It’s back to school time and many of our children will be nervously anticipating their moves into the next year group or a new school. So it’s a good time to be thinking about what makes a good transition into a new role for us as adults when we are moving jobs. All such changes bring their challenges, but the level of challenge ramps up when we start to bring in additional change factors such as a new company, new country or new language.
According to Wikipedia, onboarding, also known as organisational socialisation, refers to the mechanism through which new employees acquire the necessary knowledge, skills, and behaviours in order to become effective organisational members. It differs from induction or orientation in that it goes beyond the transactional work of getting cardkeys and laptops to the full process of becoming a company insider.
There are lots of guides to onboarding, for example The first 90 days by Michael Watkins, but in our view, they miss elements that are important for everyone, and especially vital to those relocating across borders.
The Enhanced Relocation onboarding model embraces both the ‘what’ and the ‘how’ of onboarding by focusing on four key dimensions.
This is the process of working out what you need to know to do your job. You need to understand the systems and processes that get things done. You also need to understand the overall company strategy and how what you do fits in to this. It’s important that you expend your efforts in doing things that bring the company success and will be recognised as such.
To be successful in a new company you need to form functional relationships with your boss, peers and team and well as strategic stakeholders inside and outside the business. Who do you need to know and how can you form powerful coalitions?
The two points of ‘what’ above are well served by other providers of onboarding training, and of course, we can deliver this too. What other providers miss, in our view, is an adequate coverage of the ‘how’ elements.
The culture that new employees find themselves in is effected by many factors: functional, corporate, industrial and national. Navigating your way through these to understand “what counts around here?” and “how do I get myself heard?” is a huge task.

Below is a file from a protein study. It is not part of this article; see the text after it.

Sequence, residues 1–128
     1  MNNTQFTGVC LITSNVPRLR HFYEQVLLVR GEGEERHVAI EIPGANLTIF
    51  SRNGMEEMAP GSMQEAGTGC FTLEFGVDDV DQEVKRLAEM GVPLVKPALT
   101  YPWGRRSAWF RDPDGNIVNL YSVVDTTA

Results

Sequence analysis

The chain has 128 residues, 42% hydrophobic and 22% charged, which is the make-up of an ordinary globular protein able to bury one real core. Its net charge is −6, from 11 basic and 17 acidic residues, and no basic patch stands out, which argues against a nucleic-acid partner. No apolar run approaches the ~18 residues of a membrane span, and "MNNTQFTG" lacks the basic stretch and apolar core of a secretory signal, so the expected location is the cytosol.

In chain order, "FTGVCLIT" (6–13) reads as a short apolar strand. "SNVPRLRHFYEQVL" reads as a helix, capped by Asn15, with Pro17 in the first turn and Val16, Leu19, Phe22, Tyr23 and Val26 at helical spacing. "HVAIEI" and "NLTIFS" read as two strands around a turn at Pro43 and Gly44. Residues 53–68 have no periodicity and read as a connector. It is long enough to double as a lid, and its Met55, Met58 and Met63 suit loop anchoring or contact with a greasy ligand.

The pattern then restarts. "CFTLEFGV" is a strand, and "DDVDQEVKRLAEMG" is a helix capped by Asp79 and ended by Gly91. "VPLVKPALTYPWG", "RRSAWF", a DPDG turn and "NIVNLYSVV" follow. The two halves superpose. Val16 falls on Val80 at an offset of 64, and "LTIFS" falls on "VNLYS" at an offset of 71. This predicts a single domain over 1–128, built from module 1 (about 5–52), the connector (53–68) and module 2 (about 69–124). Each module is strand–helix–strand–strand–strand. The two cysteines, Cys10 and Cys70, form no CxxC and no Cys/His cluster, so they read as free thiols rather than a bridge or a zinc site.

Our model helps new starters understand their own cultural make-up and to become cultural detectives, able to notice differences and then make the important decisions about where to fit in, and where to stand out. This is an ongoing process, and one where coaching or mentoring can make a big difference in supporting a successful transition.
All transitions provide an excellent opportunity for development and growth. Onboarding into a new role is a great time to explore where we are in our personal and professional development and to take some steps to enhance our skills, confidence and our evolution towards an authentic, flourishing and fulfilled life.
Now is the time to take stock of where you are and to set exciting and challenging targets for yourself. What skills and knowledge do you need to be successful now? Is it time to revisit your core values and beliefs? Does your world view need to evolve for you to fully embrace this new opportunity? Can you meet this challenge and still protect a healthy work/life balance?
Embracing this opportunity for self-development will make a great contribution to making a good transition and being an ongoing successful team member.
Are you keen to make your onboarding a success? Get in touch with us to find out more.